The knock against Mitchell is that he largely disappeared from public view after his term ended. Mitchell says he’s been working “behind the scenes” with members of Council and still has good relationships with Councilmembers like Wendell Gilliard and James Lewis.
There probably isn’t another candidate who knows better how hard it is to improve the neighborhood than the 65-year-old Joe Watson, long a thorn in Campbell’s side, who has flitted from one uplifting project to another.
Watson, after presenting the idea of fully redeveloping The Neck to deep-pocketed developer Clement, may have the best angle on working on affordable housing in the district over the short run.
The biggest criticism against Watson within the community is that he doesn’t actually live there. Instead, critics say, he lives in West Ashley and simply owns property in the East Side. Watson confirms that he owns property across the Ashley River, but says he lives at 62 America St. Additionally, he claims that election rules don’t have a residency requirement.
“I’ve never voted or paid taxes any other place than downtown,” he says, his voice rising.
As loud as Watson’s voice may become, none of the other candidates can speak to the district’s need for a strengthened public school district like Marvin Stewart can, who sits on the District 20 Constituent Board. And that is a much-needed attribute in a neighborhood that’s seen several of its schools closed — some for remodeling and some, perhaps, for good.
While all of the candidates want drug dealers off the corners, none are as experienced at dealing face-to-face with addiction than Thurston Smith, who works as a drug counselor at the VA hospital and claims that a large percentage of his patients and clients have been from the neighborhood.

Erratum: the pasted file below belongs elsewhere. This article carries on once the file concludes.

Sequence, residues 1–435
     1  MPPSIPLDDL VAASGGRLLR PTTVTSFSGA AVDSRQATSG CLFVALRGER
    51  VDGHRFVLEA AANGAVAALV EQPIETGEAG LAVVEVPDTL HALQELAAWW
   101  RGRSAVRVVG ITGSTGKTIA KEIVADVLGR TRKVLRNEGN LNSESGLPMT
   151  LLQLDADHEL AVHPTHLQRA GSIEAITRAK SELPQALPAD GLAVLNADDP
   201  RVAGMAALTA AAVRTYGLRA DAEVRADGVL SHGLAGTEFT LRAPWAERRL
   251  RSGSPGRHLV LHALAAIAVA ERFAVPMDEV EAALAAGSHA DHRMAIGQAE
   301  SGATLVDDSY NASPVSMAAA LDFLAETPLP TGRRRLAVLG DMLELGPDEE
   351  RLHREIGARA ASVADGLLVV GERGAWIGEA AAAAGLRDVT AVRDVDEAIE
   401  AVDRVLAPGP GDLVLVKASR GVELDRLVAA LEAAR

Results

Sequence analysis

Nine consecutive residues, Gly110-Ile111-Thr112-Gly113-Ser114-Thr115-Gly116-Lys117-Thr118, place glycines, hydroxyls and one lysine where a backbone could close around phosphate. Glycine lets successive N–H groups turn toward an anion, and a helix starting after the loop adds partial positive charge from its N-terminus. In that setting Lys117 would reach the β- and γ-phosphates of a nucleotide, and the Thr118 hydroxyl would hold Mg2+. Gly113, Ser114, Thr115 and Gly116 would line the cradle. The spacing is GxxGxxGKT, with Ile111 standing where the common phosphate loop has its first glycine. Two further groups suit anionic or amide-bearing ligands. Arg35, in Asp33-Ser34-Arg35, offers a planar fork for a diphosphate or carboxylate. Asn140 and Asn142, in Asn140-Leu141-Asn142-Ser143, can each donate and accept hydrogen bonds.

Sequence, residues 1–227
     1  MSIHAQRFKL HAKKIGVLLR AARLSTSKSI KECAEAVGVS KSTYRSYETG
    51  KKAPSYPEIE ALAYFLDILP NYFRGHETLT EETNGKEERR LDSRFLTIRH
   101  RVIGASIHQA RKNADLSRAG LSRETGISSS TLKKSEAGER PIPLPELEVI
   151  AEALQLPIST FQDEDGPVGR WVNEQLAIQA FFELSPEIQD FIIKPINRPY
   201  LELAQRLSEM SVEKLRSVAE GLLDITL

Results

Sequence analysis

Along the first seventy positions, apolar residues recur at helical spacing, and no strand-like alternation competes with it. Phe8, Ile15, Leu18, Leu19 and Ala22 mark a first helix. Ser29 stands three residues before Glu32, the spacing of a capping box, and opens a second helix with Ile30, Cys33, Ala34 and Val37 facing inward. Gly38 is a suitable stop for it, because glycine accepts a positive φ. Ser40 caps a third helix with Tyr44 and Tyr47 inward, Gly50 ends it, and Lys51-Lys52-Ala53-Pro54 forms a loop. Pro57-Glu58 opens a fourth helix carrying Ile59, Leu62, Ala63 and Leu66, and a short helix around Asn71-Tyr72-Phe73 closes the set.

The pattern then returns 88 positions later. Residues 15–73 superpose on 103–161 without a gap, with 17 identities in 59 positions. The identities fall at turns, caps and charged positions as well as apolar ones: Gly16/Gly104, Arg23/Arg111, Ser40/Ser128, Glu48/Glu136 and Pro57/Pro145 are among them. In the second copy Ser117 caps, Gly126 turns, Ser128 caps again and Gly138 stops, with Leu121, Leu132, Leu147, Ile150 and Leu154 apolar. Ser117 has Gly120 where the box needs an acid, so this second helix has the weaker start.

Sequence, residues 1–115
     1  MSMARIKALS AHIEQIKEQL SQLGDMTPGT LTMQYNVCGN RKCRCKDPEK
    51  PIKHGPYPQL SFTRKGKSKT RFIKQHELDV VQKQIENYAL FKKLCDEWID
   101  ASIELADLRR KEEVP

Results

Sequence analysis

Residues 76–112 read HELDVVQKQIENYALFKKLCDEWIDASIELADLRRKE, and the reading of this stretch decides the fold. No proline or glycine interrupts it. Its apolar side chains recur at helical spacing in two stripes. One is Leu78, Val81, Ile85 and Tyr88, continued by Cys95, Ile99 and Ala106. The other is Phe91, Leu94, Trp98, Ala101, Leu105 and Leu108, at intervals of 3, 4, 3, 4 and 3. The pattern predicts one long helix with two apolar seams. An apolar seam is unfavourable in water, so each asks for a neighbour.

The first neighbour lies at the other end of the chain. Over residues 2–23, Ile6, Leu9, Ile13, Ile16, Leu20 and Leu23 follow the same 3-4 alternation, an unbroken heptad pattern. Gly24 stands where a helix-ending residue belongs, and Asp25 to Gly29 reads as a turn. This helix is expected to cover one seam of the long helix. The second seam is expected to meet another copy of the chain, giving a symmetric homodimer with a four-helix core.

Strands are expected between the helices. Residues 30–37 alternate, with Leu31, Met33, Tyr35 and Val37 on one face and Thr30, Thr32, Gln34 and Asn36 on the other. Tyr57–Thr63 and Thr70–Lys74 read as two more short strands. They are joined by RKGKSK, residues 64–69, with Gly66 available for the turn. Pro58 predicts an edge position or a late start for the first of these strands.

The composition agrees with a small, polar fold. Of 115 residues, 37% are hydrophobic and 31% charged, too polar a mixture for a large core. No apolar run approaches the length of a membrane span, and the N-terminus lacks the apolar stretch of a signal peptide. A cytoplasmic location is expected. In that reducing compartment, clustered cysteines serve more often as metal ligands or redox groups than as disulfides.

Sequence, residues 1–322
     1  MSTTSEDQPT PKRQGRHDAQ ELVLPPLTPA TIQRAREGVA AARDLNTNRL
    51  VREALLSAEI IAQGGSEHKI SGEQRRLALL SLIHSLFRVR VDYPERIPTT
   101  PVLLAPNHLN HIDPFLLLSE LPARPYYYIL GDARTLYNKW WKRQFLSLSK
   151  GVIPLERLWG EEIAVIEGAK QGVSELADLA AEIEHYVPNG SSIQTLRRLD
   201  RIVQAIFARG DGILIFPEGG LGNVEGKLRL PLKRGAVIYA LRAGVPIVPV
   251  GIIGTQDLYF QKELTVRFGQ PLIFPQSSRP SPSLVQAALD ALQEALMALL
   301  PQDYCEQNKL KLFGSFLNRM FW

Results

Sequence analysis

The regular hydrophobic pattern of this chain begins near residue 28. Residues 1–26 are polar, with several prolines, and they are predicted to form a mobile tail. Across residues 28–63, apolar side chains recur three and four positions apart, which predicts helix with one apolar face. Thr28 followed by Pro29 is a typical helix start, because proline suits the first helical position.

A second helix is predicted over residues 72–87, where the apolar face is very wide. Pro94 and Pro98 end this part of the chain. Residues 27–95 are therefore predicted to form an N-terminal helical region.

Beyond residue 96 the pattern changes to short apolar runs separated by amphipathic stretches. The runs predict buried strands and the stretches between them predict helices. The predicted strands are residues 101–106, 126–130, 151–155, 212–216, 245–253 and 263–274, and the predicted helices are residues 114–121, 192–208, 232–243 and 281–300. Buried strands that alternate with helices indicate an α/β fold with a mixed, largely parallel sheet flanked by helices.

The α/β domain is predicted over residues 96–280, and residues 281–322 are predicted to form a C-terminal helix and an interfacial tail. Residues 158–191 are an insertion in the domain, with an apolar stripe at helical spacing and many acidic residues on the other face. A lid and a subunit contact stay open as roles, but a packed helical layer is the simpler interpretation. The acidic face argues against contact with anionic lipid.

A former Crisis Ministries boardmember, Smith has yet to be fully welcomed home in the East Side, having moved there only five months ago. “The first week I lived here, my apartment got broken into three times,” he says, adding that crooks even stole his pistol.
George Powell, on the other hand, has ties to the neighborhood that are nearly as long as the dreadlocks that cascade down his back. Born in a Cooper Street home across the road from the store he now runs and on the site of his current, rebuilt house, Powell has seen practically everything that’s happened in the district dating back to the mid-20th century. From his spot on Cooper Street, he’ll also have a front row seat to the future as the City goes ahead with plans to rebuild a stretch of exposed dirt that once split the neighborhood and district in half.
Powell says he’ll fight hard for preserving the fabric of the community, but he already worries City Hall will come up with another “convenient” excuse to relocate the various public housing projects in the district in much the same way it made Ansonborough Homes disappear, or use community development block grants to build another Saks Fifth Avenue, like he accuses the current administration of having done.
Regardless of who gets elected, District 4 needs a leader on City Council in the worst possible way to make sure it doesn’t get wiped off the map and turned into another all-white outcropping of the city. And if that’s what the fight is all about, then it’s less a seven-way mano-a-mano fight, and more like The Magnificent Seven vs. market forces.